Wil Derkse writes that the Benedictine life joins the sacred and profane life at the abbey. Nothing I have experienced captures this goal of the Christian living as does the Rule of St. Benedict applied in the life of the lay person — a person like me who is not a monk and who does not live at an abbey.
The Rule of St. Benedict became the most widely used rule for monks during the past 1,500 years because it does not seek flights of super spirituality or harsh solitudes away from the world. Rather, the Rule has been astonishingly effective because of how the ordinary is sanctified as part of the world.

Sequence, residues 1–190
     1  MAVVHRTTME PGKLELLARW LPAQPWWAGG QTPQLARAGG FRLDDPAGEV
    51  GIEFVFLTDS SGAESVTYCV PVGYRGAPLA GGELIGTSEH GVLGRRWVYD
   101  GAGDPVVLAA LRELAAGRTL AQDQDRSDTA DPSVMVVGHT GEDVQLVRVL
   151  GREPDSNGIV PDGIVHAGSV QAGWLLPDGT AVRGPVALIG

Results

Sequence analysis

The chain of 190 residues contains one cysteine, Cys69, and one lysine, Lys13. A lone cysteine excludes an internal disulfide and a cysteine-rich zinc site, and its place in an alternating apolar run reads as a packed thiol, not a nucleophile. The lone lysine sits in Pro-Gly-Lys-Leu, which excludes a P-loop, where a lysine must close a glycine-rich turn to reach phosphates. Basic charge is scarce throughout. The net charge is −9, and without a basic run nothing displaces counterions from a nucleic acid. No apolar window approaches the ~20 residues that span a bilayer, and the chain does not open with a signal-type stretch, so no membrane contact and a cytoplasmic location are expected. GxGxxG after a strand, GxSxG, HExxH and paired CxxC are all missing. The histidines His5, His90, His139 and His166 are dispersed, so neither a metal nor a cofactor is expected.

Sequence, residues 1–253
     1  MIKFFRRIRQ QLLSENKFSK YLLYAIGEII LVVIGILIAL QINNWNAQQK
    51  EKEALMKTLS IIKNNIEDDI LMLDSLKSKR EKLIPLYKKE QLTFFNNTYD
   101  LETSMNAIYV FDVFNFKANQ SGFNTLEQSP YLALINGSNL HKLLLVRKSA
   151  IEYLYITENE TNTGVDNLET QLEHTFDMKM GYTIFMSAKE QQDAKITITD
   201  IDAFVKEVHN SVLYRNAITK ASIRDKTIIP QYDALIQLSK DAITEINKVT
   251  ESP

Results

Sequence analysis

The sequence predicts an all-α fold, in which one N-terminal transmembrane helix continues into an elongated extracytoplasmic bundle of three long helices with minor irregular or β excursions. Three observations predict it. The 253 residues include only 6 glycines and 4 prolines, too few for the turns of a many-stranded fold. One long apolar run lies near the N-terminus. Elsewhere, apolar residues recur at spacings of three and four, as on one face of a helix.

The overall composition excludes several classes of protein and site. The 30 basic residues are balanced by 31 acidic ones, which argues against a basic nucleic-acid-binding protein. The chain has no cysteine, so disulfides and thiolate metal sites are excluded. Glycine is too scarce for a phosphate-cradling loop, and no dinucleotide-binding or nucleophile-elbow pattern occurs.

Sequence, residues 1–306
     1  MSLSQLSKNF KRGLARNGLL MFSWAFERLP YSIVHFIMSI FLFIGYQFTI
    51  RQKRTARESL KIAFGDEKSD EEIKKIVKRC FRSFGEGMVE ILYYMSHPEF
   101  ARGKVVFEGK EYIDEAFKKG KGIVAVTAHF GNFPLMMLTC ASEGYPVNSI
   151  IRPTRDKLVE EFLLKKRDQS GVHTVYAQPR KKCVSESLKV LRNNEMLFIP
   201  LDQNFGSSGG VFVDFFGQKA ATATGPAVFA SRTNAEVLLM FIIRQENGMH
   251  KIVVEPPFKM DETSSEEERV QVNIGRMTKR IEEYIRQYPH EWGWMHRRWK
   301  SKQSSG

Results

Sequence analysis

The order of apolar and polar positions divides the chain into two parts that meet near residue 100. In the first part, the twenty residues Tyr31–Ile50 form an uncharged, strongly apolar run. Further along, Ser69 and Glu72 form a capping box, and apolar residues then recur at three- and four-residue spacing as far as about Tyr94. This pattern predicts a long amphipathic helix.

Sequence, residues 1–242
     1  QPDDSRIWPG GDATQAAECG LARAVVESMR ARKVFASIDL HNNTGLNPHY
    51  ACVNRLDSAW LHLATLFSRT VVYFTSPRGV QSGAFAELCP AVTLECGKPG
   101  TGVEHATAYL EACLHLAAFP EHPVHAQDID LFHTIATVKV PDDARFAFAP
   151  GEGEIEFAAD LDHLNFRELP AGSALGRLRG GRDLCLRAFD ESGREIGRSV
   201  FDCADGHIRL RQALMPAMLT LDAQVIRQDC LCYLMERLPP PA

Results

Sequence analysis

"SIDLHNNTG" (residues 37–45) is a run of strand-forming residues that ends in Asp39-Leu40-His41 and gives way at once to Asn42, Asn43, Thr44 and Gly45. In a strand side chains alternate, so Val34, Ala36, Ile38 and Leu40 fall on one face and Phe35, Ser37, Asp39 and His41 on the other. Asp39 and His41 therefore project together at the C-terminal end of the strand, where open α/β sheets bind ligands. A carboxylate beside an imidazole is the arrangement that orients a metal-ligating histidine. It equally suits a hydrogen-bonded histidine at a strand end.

For me, in my chair reserved for prayer, the Divine Office is a very effective way of joining prayer to my hours of work.
With typical Benedictine balance, one of Derkse’s example is the following Zen encouragement: “Before the enlightenment: cut wood and draw water; after the enlightenment: cut wood and draw water.”
"The Rule of Benedict for Beginners," by, Liturgical Press, 2003, page viii.